December 10, 2010

Creation Of XXX Domain Could Soon Be Approved

Internet specialists gathered in Columbia on Thursday to discuss the creation of an "xxx" domain for pornographic websites.

"Since we cannot fight the pornographic industry on the Internet, a thousand-headed monster... we are demanding that they be socially responsible and adopt a code of ethics," Carmen Sanchez, from the non-government group, Internet Commitment for Social Responsibility (ICSR), based in Spain, said at the meeting.

The group hopes that the California-based Internet Corporation for Assigned Names and Numbers (ICANN) will approve the creation of the domain name Friday during its convention in the Columbian city of Cartagena.

"We should have a sort of red zone on the web where, under the name '.xxx.' we can clearly identify pages we do not want children to see and block them," Sanchez said.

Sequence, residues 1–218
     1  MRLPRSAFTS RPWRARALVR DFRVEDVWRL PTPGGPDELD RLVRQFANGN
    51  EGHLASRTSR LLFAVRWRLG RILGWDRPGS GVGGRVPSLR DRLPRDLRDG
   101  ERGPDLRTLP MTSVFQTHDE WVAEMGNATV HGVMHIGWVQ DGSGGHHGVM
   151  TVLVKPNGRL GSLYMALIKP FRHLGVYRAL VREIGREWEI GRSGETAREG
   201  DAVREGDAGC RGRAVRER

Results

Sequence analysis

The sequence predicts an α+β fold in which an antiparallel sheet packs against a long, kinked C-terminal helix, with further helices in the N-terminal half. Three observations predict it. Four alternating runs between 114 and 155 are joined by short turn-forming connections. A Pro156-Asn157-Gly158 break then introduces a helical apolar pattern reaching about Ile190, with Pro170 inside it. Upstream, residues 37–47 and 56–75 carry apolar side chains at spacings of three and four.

ICM Registry, which is a company sponsored by the International Foundation for Online Responsibility (IFFOR), owns the domain name and has been trying to get the green light from ICANN since 2004.

ICM Registry would sell .xxx addresses for $60 each to about 500,000 adult entertainment providers if ICANN finalizes the deal.

"An exclusive domain for adult entertainment has the advantage of allowing for greater control over their content and, in addition, for each web page added to the domain we will donate 10 dollars to finance initiatives to protect children," ICM Registry chief Stuart Lawley told the conference.

The .xxx domain would join other so-called Top-Level Domains (TLDs), including .com, .edu, .mil, .gov and a host of country code TLDs.

Sanchez said that conservative and religious groups in the U.S. held up the process because they feared that creating the domain name would further normalize the industry.
However, ICANN has remained neutral in the debate.

"Opening up the name space to new generic top level domains is intended to promote competition, innovation and consumer choice in a safe and stable manner," ICANN head Rod Beckstrom told the conference this week.

According to ICSR, global Internet pornography generates about $3,000 a second and the keyword "sex" appears in a fourth of all online searches.


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